Aquaveo & Water Resources Engineering News

Using the ADCIRC Levee Elevation Tools

Have you needed a way to quickly fix a levee structure in your 2D mesh for your ADCIRC model? The SMS toolbox has tools devoted to helping you develop ADCIRC models that accurately reflect levee elevations. That’s our focus in today's blog post.

The elevations on your levee can affect the outcome of your ADCIRC model. What's more, having the wrong levee elevations can even cause your ADCIRC model to fail its run. But the Check/Fix Levee Crest Elevations tool and the Check/Fix Levee Ground Elevations tool are designed to help mitigate this issue. These tools ensure that the elevations both on the ground and on the crest of your ADCIRC levee feature match the desired measurements.

For example, an ADCIRC model run can fail because the levee ground elevation is higher than the levee crest elevation. The Check/Fix Levee Ground Elevations tool checks the ADCIRC domain elevation against the boundary condition coverage that defines the levees. Then, if adjustments are required, the Check/Fix Levee Ground Elevations tool creates a new dataset that can be mapped as the elevation for the 2D mesh.

On the other side of things, the Check/Fix Levee Crest Elevations tool can help ensure that the crest of the levee in the model does not go above or below the known measurements for the levee crest. A check line is either created in a coverage or imported into SMS then converted to a coverage. The check line has levee crest elevation information against which the Z values of the levee arcs get checked. If the levee crest elevations vary too much from the check line’s elevations, then the Check/Fix Levee Crest Elevations tool adjusts the z values on the levee arcs to match the check line.

Example of the ADCIRC Check/Fix Levee Crest Elevations tool

In short, the Check/Fix Levee Crest Elevations and the Check/Fix Levee Ground Elevations tool can facilitate your modeling of ADCIRC levee features.

Try out these new levee elevation tools in SMS today!

Blog tags: 

Using a 2D UGrid with SRH-2D

A 2D mesh in SMS has long been the standard geometry for SRH-2D simulations. However, you might have noticed in more recent versions of SMS that SRH-2D simulations can also use 2D unstructured grids (UGrids). Today, we examine what using a 2D UGrid can mean for SMS users who model SRH-2D simulations.

Being able to use a UGrid offers a couple advantages. For one, 2D UGrids don't require the SRH-2D Post-Processor because, unlike 2D meshes, they are already centroid-based. This means the SRH-2D results can be read directly onto the 2D UGrid. Additionally, the same SRH-2D model can be run with a mesh and then run with a 2D UGrid. Since the two geometries differ in how they store data, this practice might be helpful in troubleshooting issues with the geometry design for your model. In most cases where the mesh is well built, there should not be significant differences between the results you get from a UGrid-based SRH-2D simulation and a mesh-based simulation.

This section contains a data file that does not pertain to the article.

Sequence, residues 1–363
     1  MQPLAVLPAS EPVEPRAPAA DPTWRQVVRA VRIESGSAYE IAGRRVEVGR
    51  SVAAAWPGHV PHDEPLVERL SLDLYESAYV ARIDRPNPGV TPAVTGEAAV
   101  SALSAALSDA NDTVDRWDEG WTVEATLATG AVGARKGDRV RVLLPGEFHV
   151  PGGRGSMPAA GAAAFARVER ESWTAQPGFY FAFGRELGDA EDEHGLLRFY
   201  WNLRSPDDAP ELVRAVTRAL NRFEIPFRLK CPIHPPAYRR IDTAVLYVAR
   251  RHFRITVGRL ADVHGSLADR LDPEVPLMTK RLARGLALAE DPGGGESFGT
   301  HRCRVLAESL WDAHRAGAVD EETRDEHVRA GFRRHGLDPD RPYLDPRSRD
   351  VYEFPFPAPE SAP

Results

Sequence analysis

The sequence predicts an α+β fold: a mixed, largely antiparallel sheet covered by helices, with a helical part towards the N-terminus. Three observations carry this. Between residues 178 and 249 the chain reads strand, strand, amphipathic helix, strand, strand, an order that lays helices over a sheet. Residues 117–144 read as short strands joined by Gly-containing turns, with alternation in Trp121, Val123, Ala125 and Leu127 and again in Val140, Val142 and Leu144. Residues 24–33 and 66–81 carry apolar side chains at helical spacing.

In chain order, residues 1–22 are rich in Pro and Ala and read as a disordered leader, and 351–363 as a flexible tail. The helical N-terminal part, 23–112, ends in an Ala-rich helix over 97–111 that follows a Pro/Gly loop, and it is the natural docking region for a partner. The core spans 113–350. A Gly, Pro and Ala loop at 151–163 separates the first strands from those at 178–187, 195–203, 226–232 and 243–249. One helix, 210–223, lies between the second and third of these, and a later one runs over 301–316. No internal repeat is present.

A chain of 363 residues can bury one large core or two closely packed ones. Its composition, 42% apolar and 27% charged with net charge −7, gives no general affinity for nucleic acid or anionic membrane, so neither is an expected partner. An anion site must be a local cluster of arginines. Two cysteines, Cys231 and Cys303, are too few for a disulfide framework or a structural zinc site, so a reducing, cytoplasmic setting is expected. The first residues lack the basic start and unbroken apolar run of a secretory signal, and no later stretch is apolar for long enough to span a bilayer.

The steps for creating a 2D UGrid for an SRH-2D simulation are essentially the same as creating a 2D mesh:

  1. Build a mesh generation coverage with polygons.
  2. Specify what kind of grid-like structure you want in each.
  3. Instead of converting the coverage to a 2D mesh, convert it to a 2D UGrid.

An already-existing 2D mesh can also be converted to a 2D UGrid if so desired.

Example of the 2D Mesh Polygon Properties dialog being used for UGrid or mesh generation

It's important to note that there are not yet any manual tools for editing 2D UGrids, so any desired adjustments to a 2D UGrid should be made before the UGrid is generated. As with the 2D mesh, this can be done by double-clicking in the polygons in the mesh generation coverage and using the dialogs that appear.

Furthermore, the principles for creating a quality mesh apply to creating a quality 2D UGrid. The quality of a UGrid is just as important to the model outcome as the quality of a mesh. In 2D UGrids for SRH-2D simulations, please keep in mind the following:

  • The elements should transition gradually from large to small and vice versa. Adjacent elements should not have enormous variations in size.
  • Areas that need more refined results should have finer quality elements.
  • For areas that use the patch option, the elements should be fairly even.
  • Triangular elements should not be excessively narrow.

These are only some of the considerations.

Much of this can be avoided by making sure that the mesh generator coverage is designed correctly. Again, adjustments to the 2D UGrid can really only be made in the mesh generator coverage before the UGrid has actually been generated.